The differential amplifier 62 employed in the illustrated embodiments consists of the operational amplifier 76 and the plurality of resistors R1-R4. However, the principle of the invention may be practiced with other differential amplifier arrangements. For instance, it is possible to use a differential amplifier which includes a plurality of operational amplifiers.
While the two piezoelectric elements 50, 52 of the first embodiment of FIG. 1 are disposed on one of the opposing surfaces of the diaphragm 54, these elements 50, 52 may be disposed on the respective opposing surfaces of the diaphragm 54, so as to sandwich the diaphragm 54.
Further, it is not essential that the equivalent circuit 78 consisting of a capacitor and a resistor used in the second embodiment of FIG. 2 have exactly the same impedance as the piezoelectric element 50. The equivalent circuit 78 may consist of either one of the capacitor and the resistor.
It will be obvious that the invention may be embodied with other changes and improvements which may occur to those skilled in the art.
|Cited Patent||Filing date||Publication date||Applicant||Title|
|US3749946 *||May 27, 1971||Jul 31, 1973||Von Ruti J||Elec rical circuit for the transferring and amplification of a piezoelectric transducer signal|
|US4328441 *||Jan 31, 1980||May 4, 1982||Minnesota Mining And Manufacturing Company||Output circuit for piezoelectric polymer pressure sensor|
|US4406965 *||May 12, 1981||Sep 27, 1983||The Singer Company||Dither pick-off transducer for ring laser gyroscope|
|US4451710 *||Sep 1, 1982||May 29, 1984||Gte Atea Nv||Precisely stabilized piezoelectric receiver|
|US4471257 *||Jul 6, 1983||Sep 11, 1984||Siemens Aktiengesellschaft||Monitoring system for electrically actuated control element|
|Citing Patent||Filing date||Publication date||Applicant||Title|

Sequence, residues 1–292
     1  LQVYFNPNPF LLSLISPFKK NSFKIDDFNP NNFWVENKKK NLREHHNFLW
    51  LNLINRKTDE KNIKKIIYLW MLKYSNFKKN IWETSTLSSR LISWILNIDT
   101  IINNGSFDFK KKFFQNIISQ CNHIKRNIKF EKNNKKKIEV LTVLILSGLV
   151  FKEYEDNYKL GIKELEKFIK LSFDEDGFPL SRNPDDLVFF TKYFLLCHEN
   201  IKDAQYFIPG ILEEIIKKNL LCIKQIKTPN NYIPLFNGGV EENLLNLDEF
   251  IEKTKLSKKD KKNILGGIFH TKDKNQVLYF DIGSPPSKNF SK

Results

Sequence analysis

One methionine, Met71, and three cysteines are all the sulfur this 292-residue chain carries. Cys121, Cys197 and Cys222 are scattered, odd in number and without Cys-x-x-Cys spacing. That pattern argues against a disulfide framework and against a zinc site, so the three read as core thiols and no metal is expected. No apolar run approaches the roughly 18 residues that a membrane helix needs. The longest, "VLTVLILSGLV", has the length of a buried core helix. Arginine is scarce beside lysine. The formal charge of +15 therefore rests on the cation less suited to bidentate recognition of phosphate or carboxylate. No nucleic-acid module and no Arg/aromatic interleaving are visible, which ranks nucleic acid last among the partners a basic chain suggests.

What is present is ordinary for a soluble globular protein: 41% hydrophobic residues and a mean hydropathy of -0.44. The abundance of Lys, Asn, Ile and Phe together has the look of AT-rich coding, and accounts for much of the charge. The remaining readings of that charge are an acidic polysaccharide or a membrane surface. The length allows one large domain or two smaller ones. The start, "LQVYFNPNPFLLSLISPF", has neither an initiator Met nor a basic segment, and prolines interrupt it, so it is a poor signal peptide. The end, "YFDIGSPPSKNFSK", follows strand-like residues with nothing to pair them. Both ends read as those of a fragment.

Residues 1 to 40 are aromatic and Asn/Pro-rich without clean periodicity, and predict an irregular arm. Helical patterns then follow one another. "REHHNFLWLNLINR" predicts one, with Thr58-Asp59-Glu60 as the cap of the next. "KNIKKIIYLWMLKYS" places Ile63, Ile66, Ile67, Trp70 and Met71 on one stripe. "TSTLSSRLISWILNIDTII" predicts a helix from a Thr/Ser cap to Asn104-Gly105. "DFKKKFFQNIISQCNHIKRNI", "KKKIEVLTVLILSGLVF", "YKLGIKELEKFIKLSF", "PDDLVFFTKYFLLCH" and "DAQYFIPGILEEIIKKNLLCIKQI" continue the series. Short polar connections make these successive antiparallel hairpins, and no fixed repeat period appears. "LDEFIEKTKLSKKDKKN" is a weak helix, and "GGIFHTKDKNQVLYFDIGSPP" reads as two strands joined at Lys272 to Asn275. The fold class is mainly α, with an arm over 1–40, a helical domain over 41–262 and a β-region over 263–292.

|US5121365 *||Jan 24, 1991||Jun 9, 1992||The United States Of America As Represented By The Secretary Of The Interior||Cutting sound enhancement system for mining machines|
|US5592359 *||Jul 13, 1994||Jan 7, 1997||Undersea Transducer Technology, Inc.||Transducer|
|US6060813 *||Jan 8, 1998||May 9, 2000||Xerox Corporation||Vibration suppression and electromechanical damping apparatus for electrophotographic printing structures|
|US6076405 *||Jul 24, 1996||Jun 20, 2000||Honeywell International Inc.||Remote self-powered structure monitor|
|US6263737||Jul 23, 1999||Jul 24, 2001||Honeywell International Inc.||Acoustic fault injection tool|
|US6498651 *||Feb 18, 1999||Dec 24, 2002||Thomson-Csf Sextant||Device for detecting activation movement for laser gyroscope|
|US9693150 *||Sep 8, 2015||Jun 27, 2017||Hyundai Motor Company||Microphone sensor|
|US20100117485 *||Nov 13, 2008||May 13, 2010||Avago Technologies Wireless Ip (Singapore) Pte. Ltd.||Piezoelectric transducers with noise-cancelling electrodes|
|US20160142828 *||Sep 8, 2015||May 19, 2016||Hyundai Motor Company||Micro phone sensor|
|EP0929177A3 *||Jan 4, 1999||Jul 26, 2000||Xerox Corporation||Vibration suppression apparatus|
|U.S. Classification||310/319, 381/190, 310/324|
|International Classification||H04R3/00, H04R17/02|
|Nov 12, 1986||AS||Assignment|
Owner name: NIPPON COLIN CO., LTD., 1200-4, MURANAKA, KOMAKI-S
Free format text: ASSIGNMENT OF ASSIGNORS INTEREST.;ASSIGNOR:MURASE, TADASHI;REEL/FRAME:004637/0916
Effective date: 19861104
Owner name: NIPPON COLIN CO., LTD.,JAPAN
Free format text: ASSIGNMENT OF ASSIGNORS INTEREST;ASSIGNOR:MURASE, TADASHI;REEL/FRAME:004637/0916
Effective date: 19861104
|Mar 13, 1990||AS||Assignment|
Owner name: COLIN ELECTRONICS CO., LTD., JAPAN
Free format text: ASSIGNMENT OF ASSIGNORS INTEREST.;ASSIGNOR:NIPPON COLIN CO., LTD., 1200-4, MURANAKA, KOMAKI-SHI, AICHI-KEN, 485, JAPAN;REEL/FRAME:005250/0831
Effective date: 19900130
|Oct 31, 1991||FPAY||Fee payment|
Year of fee payment: 4
|Sep 12, 1995||FPAY||Fee payment|
Year of fee payment: 8
|Nov 9, 1999||FPAY||Fee payment|
Year of fee payment: 12